Administered in collaboration with the British Guild of Agricultural Journalists, the professional body representing nearly 500 editors, reporters and writers who specialise in farming and rural topics, the Award recognises and rewards the best and most engaging pieces of writing about ‘power on the farm’ published in the UK’s rich and varied agricultural press over the previous 12 months.
Now celebrating its 50th anniversary in the same year as the 90th anniversary of Perkins, Power on the Farm has become the Guild’s longest-running award, highly anticipated by the membership and attracting a generous slew of entries.
“Despite the name, it’s never been an award that’s limited to tractor or machinery topics,” explains Annette Ward, of Perkins’ global marketing communications. “Agricultural journalists, and the publications read across the industry – by farmers, advisers, distributors, dealers, engineers, manufacturers, policymakers and many, many more – perform an invaluable task that’s all too often taken for granted.
“Yet their words, and their impartial reporting of breaking developments, new products, emerging trends, innovative techniques and changing perspectives, are vital instruments in improving the flow and quality of information across the industry.
“We encourage entries that explore the theme of ‘power on the farm’ in its broadest sense, irrespective of the topic explored or explained by the article.”
To mark the 50th anniversary of the Award in 2022, Perkins added a new category to the award, Tech on the Farm, which Annette says reflects the growing importance of agri-tech at farm level.
“Data itself is now power,” she points out, “so we wanted to see how members were seeking out new stories to inform and enthuse grass-roots farmers about new technology, data-driven techniques and precision farming.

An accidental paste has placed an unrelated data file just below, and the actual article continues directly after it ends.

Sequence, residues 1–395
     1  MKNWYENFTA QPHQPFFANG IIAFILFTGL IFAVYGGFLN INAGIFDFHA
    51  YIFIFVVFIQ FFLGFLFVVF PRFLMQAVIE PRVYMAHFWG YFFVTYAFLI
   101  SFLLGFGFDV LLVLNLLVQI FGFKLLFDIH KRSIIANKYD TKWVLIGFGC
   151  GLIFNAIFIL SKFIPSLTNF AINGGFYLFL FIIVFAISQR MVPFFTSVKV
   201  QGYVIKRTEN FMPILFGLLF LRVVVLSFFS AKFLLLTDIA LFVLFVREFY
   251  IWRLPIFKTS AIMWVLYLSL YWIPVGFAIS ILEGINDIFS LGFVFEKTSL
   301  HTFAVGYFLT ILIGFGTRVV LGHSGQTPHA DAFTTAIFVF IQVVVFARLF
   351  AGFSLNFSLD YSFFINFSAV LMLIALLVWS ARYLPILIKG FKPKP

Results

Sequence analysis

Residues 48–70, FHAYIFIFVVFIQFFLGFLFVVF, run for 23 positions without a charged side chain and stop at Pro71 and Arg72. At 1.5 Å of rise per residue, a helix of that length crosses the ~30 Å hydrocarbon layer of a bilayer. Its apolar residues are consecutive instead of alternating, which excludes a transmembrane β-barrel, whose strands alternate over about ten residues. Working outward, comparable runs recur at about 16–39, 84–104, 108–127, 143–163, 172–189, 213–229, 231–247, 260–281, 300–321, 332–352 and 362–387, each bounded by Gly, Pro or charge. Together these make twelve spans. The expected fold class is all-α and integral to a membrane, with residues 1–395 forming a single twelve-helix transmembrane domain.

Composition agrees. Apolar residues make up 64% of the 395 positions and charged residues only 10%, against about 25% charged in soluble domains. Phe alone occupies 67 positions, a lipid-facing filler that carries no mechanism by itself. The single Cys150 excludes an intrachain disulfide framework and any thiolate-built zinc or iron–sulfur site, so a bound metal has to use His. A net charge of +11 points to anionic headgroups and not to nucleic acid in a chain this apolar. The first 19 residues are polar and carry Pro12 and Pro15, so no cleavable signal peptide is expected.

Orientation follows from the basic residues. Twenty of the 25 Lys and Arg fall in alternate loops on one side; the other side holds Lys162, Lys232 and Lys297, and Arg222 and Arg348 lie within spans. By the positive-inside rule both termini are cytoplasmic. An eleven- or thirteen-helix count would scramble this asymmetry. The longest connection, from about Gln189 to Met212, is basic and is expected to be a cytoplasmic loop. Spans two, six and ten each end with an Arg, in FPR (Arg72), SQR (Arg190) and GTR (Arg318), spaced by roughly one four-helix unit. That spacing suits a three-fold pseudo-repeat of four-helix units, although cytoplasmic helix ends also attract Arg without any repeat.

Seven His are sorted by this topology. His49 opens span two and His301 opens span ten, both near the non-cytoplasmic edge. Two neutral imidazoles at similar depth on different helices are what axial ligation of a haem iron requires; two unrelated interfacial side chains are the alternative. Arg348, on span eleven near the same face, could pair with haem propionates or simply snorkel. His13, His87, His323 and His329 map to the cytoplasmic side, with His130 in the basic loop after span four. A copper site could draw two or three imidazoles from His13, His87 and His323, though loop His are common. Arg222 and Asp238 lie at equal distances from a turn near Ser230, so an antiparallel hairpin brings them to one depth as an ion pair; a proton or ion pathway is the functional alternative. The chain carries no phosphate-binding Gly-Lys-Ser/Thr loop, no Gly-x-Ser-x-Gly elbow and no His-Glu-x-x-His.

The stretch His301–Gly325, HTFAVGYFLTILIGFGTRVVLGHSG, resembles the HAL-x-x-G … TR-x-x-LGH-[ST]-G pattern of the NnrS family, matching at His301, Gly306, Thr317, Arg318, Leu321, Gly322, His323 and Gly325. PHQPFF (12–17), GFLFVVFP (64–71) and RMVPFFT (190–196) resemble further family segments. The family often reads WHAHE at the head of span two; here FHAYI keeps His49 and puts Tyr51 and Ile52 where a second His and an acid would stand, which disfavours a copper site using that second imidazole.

“In this new category, we’re not just looking for stories about tractor implement management or GPS steering systems, but stories that show how any application of technology can empower the farmer to perform more effectively and more productively.”
During its half-century, POTF has attracted entries from a wide cross-section of Guild members, including those writing about livestock, horticulture, arable and machinery topics. One of the most keenly contested Guild awards, judges consider between 20 and 30 entries to produce a shortlist selected for content, style, audience value and reader interest.
“There’s definite kudos in being a POTF winner,” acknowledges Annette, “but important as it is, it’s not just about peer recognition or the cash prize. We also reward the winners and runners-up with a day out to remember, at a top London venue.
“It’s fun for them but it’s also really valuable for us, as the agricultural team in Perkins, to spend time with the journalists, to get to know them and the topics they write about. It keeps us in touch with our target audience and identifies areas or topics where we can share further information about new products, or imminent developments.”
For the 50th anniversary awards, the 2022 winner in the Power category was Farmers Weekly machinery editor Oli Mark; an article in the same publication also secured freelancer James Andrews the Tech first place.
Oli’s winning article was a review of the Ineos Grenadier, the much-hyped ‘Land Rover that’s not a Land Rover’ replacement for the Defender. The award’s three judges – themselves well-versed in agricultural writing, communications and marketing – described Oli’s submission as: